Is your relationship falling apart while you are trying to make your film? Did you lose your appetite? Do you wake up in cold sweats after dreaming that your precious reel of film is burning through the mag, but you can’t call “action” no matter how you try? These things have all happened to me. If you are a new filmmaker, you’ll have some form of production anxiety too, but there’s a better way to be a filmmaker and a way to make better films.
Walking onto set gets a lot easier when I remember that I’m not here to save the world.
On the morning of each second shoot day of my first two short films, I was dry heaving over a toilet bowl. Why the second shoot day? I suppose it’s because on the first day I couldn’t possibly know how stressful the production would be, and by the second day I knew exactly what I was in for—and I was afraid. I was producing, directing and financing my own films, and it was such an overwhelming experience. I remember at one point being so busy that when an Associate Producer asked for money, I simply gave her my credit card and said, “Do what you gotta do.”
One of the main reasons I love being an indie filmmaker is that it takes everything you’ve got. You may rely on your ability to compose a shot, tell a story, or crack a joke, but you also have to develop your weak spots. You have to know technical stuff you never wanted to learn and develop soft skills you never knew you could have. Then when the shoot day comes, if you’re like me, you feel like you’re standing on roller coaster rails and your feet are zooming over the tracks. It’s a thrilling experience, but sometimes a film takes too much out of you. You push yourself too hard and too fast. You promise yourself that if you can just get off this damn ride you’ll never make another film again.
I simply try to do justice to the idea that first made the story work for me.
After too many painful set experiences, I made a commitment to find a way to enjoy the process of actually making the film. (That’s what brings us all here anyway right?) It meant spending more time in preproduction and the finding the right crew members to best support my efforts and vision for the film. It also meant gaining perspective on my filmmaking habit: In the end, I am only making a film. There are so many things in my life that are more important, like friends, relationships, health and all the things in life that are not yet digital. I’ve redefined my success as a filmmaker to include not just creating an end product, but having crew members that would love to work with me again, and enjoying the ride.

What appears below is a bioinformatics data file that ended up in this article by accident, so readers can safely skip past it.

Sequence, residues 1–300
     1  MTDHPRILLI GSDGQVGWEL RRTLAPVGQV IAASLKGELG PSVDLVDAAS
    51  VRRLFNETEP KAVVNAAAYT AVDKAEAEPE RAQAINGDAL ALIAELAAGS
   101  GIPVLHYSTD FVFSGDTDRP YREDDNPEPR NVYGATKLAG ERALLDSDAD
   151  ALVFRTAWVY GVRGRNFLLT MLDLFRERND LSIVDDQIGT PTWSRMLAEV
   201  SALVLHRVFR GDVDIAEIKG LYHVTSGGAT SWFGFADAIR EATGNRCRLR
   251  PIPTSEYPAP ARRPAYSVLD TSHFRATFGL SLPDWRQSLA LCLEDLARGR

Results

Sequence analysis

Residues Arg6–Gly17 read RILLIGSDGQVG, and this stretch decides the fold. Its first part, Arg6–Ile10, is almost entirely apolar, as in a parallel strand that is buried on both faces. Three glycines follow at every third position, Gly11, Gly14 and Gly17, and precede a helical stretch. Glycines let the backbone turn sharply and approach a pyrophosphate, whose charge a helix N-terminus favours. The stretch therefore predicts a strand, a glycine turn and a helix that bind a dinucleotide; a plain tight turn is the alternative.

As I am about to go into production on my fifth narrative short, a mystery-suspense-thriller called Evergreen, I have an entirely different approach to making films than when I first started. First, I have spent over half a year in preproduction and will be working with crew members I’ve built relationships with over time—the types of folks I would love grabbing a drink with. Second, I plan on making the set lighthearted and fun. We’re holding crew mixers during preproduction so that crew members can get excited about the project and about working with each other. I am also trimming down the shot list to make our shooting days more than just “feasibly possible.” Third, I’ve stopped trying to create my magnum opus that will win an Academy Award. Now, I simply try to do justice to the idea that first made the story work for me.
There’s a Native American proverb that I love: “The Great Spirit gave each of us a song.” Walking onto set gets a lot easier when I remember that I’m not here to save the world, build a monument, or even to create something everyone will appreciate. I am here simply to sing my song, to help my crew sing theirs, and to find the harmony in so many unique voices. I don’t miss the stress that came from trying so hard to match a vision that was in my head, and have instead found a greater appreciation for seeing the film unfold right in front of me at the hands of all the artists involved.